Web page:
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7. Considerations – Service & Policy

7.1 Services and Configuration

Clinical Questions

1. What referral pathways should be established?
2. Which agencies should be involved in the support of ADHD?
3. How should services be configured? What should services provide and to whom?
4. How should services for those with ADHD in Australia be funded?
5. What are shared care models and are they effective?

Clinical practice gaps, uncertainties and need for guidance

Existing care for people with attention deficit hyperactivity disorder (ADHD) is fragmented. A multimodal, multi-professional and multi-agency approach is recognised as optimal care, particularly when there are co-occurring conditions with significant impacts on a person’s functioning and quality of life. However, in reality, this is rarely available.

Most public sector mental health services do not provide ADHD services, resulting in an over-reliance on private sector care and services. Existing services are often difficult to access due to long waiting lists and out-of-pocket costs. To improve care, clearer referral pathways (for example, from GPs to other specialists and back again) and increased service capacity are needed. Guidance is needed as to which agencies should be involved to provide holistic treatment and support of ADHD, and the configuration of these services, including shared care.

Summary of narrative review

The NICE ADHD guideline recommends that health professionals, with training and expertise in ADHD, should be involved in the diagnosis, assessment and ongoing treatment and support of children, adolescents and adults with ADHD as well as overseeing continuity of care (NICE, 2018). Communication and ongoing feedback between health professionals and education and social care providers is also highlighted. The importance of psychological services for people with ADHD as well as programs that provide group and individual parenting interventions as well as support groups for people with ADHD and websites are also noted.

Equity in the delivery of services for people with ADHD remains a major issue in Australia, with the majority of public health services electing not to diagnose and treat ADHD, especially in adults. This leads to the majority of people on low incomes, adults especially, not being able to access essential services.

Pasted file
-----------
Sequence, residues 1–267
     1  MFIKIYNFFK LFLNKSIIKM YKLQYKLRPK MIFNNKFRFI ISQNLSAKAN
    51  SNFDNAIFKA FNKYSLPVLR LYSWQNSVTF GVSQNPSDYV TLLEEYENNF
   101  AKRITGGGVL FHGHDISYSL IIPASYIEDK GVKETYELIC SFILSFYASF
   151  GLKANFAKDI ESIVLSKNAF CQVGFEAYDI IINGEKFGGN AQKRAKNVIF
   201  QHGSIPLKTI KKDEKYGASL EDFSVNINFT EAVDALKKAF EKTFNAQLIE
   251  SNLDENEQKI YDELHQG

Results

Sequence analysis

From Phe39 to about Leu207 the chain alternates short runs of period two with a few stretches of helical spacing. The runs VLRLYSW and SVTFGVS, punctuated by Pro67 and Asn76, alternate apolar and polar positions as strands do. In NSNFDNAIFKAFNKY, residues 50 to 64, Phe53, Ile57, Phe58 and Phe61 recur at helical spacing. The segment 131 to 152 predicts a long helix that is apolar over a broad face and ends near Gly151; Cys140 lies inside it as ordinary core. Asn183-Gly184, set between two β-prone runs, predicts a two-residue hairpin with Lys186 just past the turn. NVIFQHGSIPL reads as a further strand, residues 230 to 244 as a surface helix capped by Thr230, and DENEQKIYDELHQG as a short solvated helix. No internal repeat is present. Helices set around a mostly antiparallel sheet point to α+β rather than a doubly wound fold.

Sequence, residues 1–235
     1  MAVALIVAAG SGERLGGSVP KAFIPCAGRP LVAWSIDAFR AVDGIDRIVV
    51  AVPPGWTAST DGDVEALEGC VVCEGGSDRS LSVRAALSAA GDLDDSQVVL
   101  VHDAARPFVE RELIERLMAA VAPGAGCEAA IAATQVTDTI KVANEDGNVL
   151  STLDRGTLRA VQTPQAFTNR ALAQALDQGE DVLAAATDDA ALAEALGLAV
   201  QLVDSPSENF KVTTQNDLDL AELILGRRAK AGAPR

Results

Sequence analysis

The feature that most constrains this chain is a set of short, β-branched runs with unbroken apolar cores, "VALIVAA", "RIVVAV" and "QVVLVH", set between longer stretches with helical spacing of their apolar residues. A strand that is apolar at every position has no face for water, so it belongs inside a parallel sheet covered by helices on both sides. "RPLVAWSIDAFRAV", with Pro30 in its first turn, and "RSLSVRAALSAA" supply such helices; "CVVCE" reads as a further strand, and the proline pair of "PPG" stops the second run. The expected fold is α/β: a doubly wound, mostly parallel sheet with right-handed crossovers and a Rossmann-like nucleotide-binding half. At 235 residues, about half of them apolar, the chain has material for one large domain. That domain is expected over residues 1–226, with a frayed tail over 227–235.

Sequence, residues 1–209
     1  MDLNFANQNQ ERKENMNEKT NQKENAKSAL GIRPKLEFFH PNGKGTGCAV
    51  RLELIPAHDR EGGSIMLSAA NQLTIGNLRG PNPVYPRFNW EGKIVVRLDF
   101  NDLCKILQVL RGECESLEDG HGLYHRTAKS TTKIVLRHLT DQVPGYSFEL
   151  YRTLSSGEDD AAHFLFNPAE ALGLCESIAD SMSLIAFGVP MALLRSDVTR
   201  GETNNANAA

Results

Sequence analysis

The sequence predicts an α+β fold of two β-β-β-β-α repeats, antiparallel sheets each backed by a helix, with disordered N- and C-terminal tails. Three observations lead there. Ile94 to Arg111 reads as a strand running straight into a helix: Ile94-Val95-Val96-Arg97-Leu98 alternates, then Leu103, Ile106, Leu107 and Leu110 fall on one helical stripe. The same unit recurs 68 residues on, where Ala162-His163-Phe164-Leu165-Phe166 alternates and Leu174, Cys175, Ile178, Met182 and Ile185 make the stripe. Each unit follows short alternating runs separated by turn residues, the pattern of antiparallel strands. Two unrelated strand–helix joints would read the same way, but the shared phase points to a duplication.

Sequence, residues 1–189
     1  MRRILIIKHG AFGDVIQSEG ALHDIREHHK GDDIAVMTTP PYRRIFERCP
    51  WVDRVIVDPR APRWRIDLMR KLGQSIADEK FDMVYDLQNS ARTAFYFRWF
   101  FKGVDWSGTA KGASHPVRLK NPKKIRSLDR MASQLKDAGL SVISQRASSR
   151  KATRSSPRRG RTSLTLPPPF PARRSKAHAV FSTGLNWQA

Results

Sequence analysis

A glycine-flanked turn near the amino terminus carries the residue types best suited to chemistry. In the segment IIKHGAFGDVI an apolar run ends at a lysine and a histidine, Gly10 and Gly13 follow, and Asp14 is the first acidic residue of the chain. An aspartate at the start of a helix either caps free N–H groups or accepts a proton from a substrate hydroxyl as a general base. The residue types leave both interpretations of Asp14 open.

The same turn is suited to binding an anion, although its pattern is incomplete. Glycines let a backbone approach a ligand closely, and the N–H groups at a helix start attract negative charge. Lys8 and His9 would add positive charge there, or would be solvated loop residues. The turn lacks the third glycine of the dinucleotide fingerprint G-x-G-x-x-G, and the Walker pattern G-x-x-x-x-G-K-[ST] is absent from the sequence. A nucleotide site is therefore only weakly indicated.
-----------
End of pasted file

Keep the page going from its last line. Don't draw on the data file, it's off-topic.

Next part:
Improvements are being made to the equitable provision of medications for ADHD, but some medications are still not available on the PBS for adults who have not been diagnosed in childhood. ADHD is not on the list of eligible conditions for entry to the NDIS. Although this does not exclude those with significant impairment from accessing the scheme, it has meant that no meaningful communication has been possible to educate the NDIS in the needs of those who are disabled by ADHD.

Service configuration recommendations within the NICE guideline (NICE, 2018) highlight the importance of giving the person with ADHD and/or their carer the option of being involved in treatment decisions and planning. Shared care protocols for medication monitoring between primary and secondary health care professionals are also recommended. Integration and better organisation between child health services and mental health services with the formation of multidisciplinary specialist ADHD teams is a further recommendation.

In addition, local multi-agency teams with representatives from paediatrics, mental health, education, social, forensic services and parent groups are needed as well as provide training and a directory of information regarding ADHD services. There is a need for models of care within the Australian context, particularly shared care.


Clinical considerations for implementation of the recommendations

The implementation of these recommendations will have implications at the policy level regarding funding of ADHD treatment in Australia, through to how services are configured. An economic evaluation will be required to fully understand the implications of these recommendations which is beyond the scope of this guideline development which has a clinical focus. Further work relating to service and policy development for people with ADHD is warranted.

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